It turns out that when r > 1 the chance is quite good that a random homomorphism from Z^{r-1} to A is surjective. In fact, the probability is close enough to 1 that when you take a product over all p you still get a positive number. In other words, when r > 1 Cohen-Lenstra predicts a positive probability that the class group will have trivial p-part for all p; in other words, it is trivial. (In fact, it predicts a precise probability, which fits experimental data quite well.)

When r = 1, on the other hand, the class group is just A itself, and the probability its p-part is trivial is on order 1-1/p. Now the product over all p is 0, so one does NOT expect to see a positive proportion of trivial class groups. And in fact, when there is just one archimedean place -- i.e. when K is imaginary quadratic -- this is just what happens!

share|improve this answer
add comment

I think the best way for one to become convinced that class numbers of real quadratic fields tend to be small, is to look at the continued fraction expansion of $\sqrt{D}$.

The period length of the continued fraction is about the regulator (up to a factor of $\log{D}$). One can easily compute some random continued fractions, and see that for most numbers, the length really is a small factor away from $\sqrt{D}$.

Numbers that have small continued fraction period length are very scarce. I believe it is not hard to prove that the amount of numbers up to $X$ that have period length of $\sqrt{D}$ less than a fixed integer $n$ is $O(X^{1-\epsilon})$ for some $\epsilon > 0$ (I think 1/2 should always work).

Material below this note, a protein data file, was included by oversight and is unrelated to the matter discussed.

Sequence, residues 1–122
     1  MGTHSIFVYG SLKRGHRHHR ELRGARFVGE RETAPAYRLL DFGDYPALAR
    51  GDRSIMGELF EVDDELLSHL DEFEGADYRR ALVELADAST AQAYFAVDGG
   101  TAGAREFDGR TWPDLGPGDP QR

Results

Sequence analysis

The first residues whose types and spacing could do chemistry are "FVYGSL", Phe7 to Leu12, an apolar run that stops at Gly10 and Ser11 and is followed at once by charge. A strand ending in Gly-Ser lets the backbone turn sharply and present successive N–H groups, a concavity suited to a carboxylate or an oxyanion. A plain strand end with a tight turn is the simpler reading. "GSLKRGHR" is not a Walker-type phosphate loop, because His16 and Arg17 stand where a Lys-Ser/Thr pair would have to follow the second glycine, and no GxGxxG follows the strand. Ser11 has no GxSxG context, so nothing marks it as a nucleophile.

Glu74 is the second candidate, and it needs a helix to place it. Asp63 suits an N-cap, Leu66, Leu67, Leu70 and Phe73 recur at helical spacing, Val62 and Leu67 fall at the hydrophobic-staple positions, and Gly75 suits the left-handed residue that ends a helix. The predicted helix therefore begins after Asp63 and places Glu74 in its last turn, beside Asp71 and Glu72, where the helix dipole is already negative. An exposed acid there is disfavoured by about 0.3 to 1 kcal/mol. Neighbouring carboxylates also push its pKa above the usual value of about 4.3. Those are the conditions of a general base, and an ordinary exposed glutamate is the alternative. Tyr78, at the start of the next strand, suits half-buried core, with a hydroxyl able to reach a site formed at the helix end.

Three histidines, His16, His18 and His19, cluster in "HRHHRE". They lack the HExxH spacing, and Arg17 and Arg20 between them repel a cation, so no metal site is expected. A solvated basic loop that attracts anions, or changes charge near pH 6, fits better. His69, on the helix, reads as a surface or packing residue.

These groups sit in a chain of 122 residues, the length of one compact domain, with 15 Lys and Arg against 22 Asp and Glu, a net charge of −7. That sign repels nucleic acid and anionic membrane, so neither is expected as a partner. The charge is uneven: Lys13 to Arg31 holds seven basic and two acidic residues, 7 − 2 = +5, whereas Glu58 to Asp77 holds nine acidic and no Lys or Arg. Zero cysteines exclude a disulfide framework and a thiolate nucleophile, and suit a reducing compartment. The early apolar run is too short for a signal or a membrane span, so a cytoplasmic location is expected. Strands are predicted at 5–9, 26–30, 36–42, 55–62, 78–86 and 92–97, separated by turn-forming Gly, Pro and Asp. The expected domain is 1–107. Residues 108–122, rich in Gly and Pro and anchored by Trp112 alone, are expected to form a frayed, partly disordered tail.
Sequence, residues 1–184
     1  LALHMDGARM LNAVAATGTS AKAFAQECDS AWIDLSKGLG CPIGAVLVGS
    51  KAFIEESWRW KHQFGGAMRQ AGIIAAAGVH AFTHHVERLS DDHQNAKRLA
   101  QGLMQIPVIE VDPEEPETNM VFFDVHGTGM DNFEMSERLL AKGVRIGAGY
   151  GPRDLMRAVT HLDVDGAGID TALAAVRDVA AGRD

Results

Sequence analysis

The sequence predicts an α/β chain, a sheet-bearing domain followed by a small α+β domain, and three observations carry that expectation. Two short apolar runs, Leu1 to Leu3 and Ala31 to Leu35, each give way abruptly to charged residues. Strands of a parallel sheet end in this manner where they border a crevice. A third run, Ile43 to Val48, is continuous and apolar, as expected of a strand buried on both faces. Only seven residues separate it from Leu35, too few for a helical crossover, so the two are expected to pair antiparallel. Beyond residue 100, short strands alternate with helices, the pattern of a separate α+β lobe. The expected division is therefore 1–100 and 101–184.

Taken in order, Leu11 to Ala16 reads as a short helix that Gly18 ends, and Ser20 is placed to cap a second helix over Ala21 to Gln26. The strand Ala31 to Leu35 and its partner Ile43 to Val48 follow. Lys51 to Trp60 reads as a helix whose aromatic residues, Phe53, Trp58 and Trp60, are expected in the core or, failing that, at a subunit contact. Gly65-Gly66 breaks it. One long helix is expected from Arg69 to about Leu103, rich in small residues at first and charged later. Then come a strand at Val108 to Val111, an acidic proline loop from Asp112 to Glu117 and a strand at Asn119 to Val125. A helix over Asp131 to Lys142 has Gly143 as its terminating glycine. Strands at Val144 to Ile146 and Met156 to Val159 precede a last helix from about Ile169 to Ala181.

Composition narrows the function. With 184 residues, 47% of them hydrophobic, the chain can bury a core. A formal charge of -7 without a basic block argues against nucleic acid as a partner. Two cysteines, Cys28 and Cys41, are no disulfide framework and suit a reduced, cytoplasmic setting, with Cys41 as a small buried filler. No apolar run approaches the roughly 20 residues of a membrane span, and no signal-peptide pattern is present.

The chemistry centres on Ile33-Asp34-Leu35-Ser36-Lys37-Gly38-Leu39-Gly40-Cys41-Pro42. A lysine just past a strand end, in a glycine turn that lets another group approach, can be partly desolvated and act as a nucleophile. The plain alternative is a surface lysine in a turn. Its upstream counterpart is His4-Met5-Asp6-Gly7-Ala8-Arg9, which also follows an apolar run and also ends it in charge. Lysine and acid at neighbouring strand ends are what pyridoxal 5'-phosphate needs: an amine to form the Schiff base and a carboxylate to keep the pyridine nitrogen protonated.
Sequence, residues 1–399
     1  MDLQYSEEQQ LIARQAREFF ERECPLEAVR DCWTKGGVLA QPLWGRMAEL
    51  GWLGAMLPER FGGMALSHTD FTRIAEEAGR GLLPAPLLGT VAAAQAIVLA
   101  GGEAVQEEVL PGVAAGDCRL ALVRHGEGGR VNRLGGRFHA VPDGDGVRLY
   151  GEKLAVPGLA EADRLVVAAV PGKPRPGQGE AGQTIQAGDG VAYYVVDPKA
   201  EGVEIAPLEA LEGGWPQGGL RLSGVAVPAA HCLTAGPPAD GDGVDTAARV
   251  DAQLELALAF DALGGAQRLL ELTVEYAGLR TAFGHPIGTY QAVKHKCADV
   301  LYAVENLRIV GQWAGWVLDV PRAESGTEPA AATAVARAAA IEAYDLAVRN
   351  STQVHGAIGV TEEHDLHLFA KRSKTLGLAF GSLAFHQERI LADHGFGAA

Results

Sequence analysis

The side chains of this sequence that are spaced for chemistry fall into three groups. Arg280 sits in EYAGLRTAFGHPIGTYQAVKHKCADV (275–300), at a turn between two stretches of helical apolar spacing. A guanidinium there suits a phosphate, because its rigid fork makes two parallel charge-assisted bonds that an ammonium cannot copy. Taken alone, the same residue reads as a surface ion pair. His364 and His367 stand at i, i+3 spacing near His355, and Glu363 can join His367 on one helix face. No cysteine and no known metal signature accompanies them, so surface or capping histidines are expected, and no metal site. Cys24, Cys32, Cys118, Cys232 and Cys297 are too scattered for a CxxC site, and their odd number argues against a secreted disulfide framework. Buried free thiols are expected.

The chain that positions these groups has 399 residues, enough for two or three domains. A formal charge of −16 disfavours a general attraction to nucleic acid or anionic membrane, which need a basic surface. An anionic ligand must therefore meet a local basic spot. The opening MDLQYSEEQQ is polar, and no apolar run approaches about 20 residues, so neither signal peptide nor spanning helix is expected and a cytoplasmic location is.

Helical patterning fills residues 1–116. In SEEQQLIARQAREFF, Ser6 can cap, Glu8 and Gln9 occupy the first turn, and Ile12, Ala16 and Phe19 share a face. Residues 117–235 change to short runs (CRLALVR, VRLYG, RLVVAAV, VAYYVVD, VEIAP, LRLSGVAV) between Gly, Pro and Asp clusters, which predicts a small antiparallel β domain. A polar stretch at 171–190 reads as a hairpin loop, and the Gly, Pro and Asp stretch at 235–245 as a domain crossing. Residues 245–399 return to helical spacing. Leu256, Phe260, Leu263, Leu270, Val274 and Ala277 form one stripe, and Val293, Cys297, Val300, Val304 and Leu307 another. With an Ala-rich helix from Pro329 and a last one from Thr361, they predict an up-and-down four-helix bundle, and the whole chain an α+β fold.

In a sense (very strict actually) the regulator counts how many numbers $n$ with $|n| < 2\sqrt{D}$ can be represented as $n = x^2-Dy^2$ for some integers $x, y$. Well, if $D$ is large and random, then it seems reasonable that many should. So the regulator should be around $\sqrt{D}$, and hence, by Dirichlet's class number formula, the class number should be very small.

Once you become convinced of the real quadratic case, the rest immediately follow, because you already believe things people said while waving their hands a lot. (This is a general philosophy in mathematics)

share|improve this answer
add comment

For ordinary class number 1 in the real quadratic case, see Cohen and Lenstra's Heuristics on Class Groups of Number Fields https://openaccess.leidenuniv.nl/retrieve/2845/346_069.pdf

Maybe it's not so much of a jump from their to see a heuristic arguing that a substantial positive portion have strict class number 1.

share|improve this answer
add comment

Your Answer

 
discard

By posting your answer, you agree to the privacy policy and terms of service.

Not the answer you're looking for? Browse other questions tagged or ask your own question.